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Hat-trick of Awards

24 November 2017

The James Paget has won three top awards - in the space of just three weeks!

After the Nursing Times Awards earlier this month, when the Paget team won the Learning Disabilities Nursing category for our VIP Pathway ‘you are important to us’ which provides a bespoke service for the most vulnerable patients admitted to the hospital, staff travelled to the InterContinental O2 hotel in London for the Health Service Journal (HSJ) Awards, held on Wednesday, 22 November.

Here our innovative campaign to raise awareness of a life-threatening condition – Kissing Goodbye to Sepsis – won the Patient Safety award, gathering national recognition at the ceremony, hosted by Sir Lenny Henry, which recognises and celebrates achievement in the NHS and highlights outstanding practice.

The hat-trick of top awards was completed on 22 November when the Paget picked up the Hartly Larkin Award at the Fab Awards 2017 for our work with dementia patients – the blue zimmer project. The Fab Awards recognise people and teams bringing great innovation and best practice to the NHS.

The Kissing Goodbye to Sepsis campaign aims to raise awareness of this life-threatening condition to help identify and treat it quickly – which can be crucial to patient care and recovery.

Sepsis occurs when the body’s response to an infection injures its own tissues and organs. It can lead to shock, multiple organ failure and death if it not recognised early and treated promptly. Sepsis is one of the biggest killers. Every year there are 150,000 cases of Sepsis in the UK resulting in 44,000 deaths - more than bowel, breast and prostate cancer combined.

Since introducing the campaign, which encourages all health professional within the hospital to be alert for the symptoms, the James Paget University Hospital has seen a positive change in culture.

Clinical project manager and nurse Joan Pons-Laplana led drive, with others including our critical care outreach team, to help staff identify patients with Sepsis quickly, as administering anti-biotics within 60 minutes can save lives.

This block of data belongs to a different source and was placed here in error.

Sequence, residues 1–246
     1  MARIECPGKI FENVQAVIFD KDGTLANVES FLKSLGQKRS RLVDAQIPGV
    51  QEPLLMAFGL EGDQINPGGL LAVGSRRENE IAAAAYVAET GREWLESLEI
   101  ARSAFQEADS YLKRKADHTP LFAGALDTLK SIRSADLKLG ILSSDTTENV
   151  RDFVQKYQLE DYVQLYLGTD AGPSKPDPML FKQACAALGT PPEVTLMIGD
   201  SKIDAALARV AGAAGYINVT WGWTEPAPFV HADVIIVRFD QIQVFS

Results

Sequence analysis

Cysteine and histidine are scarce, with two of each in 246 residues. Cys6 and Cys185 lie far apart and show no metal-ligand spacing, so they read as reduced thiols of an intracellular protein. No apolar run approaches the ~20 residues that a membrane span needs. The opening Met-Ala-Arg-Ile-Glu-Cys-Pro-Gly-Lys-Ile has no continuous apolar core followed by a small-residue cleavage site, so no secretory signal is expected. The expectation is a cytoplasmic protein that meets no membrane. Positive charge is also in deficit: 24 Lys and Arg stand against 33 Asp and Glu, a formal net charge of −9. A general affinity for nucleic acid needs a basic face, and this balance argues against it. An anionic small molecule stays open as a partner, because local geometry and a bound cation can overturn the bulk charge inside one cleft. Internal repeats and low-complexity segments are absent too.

He said; “We’re so pleased this campaign has been recognised at a national level, as it is testament to the hard work of staff at the hospital.

“When we started the campaign we were average in national tables, but this was not good enough. We formed a group including doctors and A& E nurses to see what could be done to improve awareness. We wanted every front line professional – anybody who came into contact with a patient – to be able to identify symptoms and to ask ‘could this be Sepsis?’.

“When identifying Sepsis set observations are the key. We wanted to make it easy, so we created a new form on the back of the hospital’s observation chart with simple tick boxes to identify red flag symptoms and help recognise the condition – if any one of seven key factors are identified it is escalated. We also empowered nurses to be able to administer the anti-biotics if Sepsis was suspected, giving them the opportunity to intervene quickly.”

The campaign saw an increase in the percentage of patients being treated promptly in both A&E and on hospital wards.

Joan says; “There’s nothing better than knowing this work is saving lives and we’re now sharing this good practice with other trusts. By treating quickly we’re also reducing the length of patient stays in the hospital which has benefits for everyone.”

Julia Hunt, Director of Nursing, who was also at the awards last night said; “I’m delighted not only that we have won three awards in three ceremonies, but that so many projects from the hospital were shortlisted for each of these awards in the first place. All three events are nationally recognised and this puts us at the forefront of innovation – showcasing the excellent work that our teams are doing to improve our services for patients.”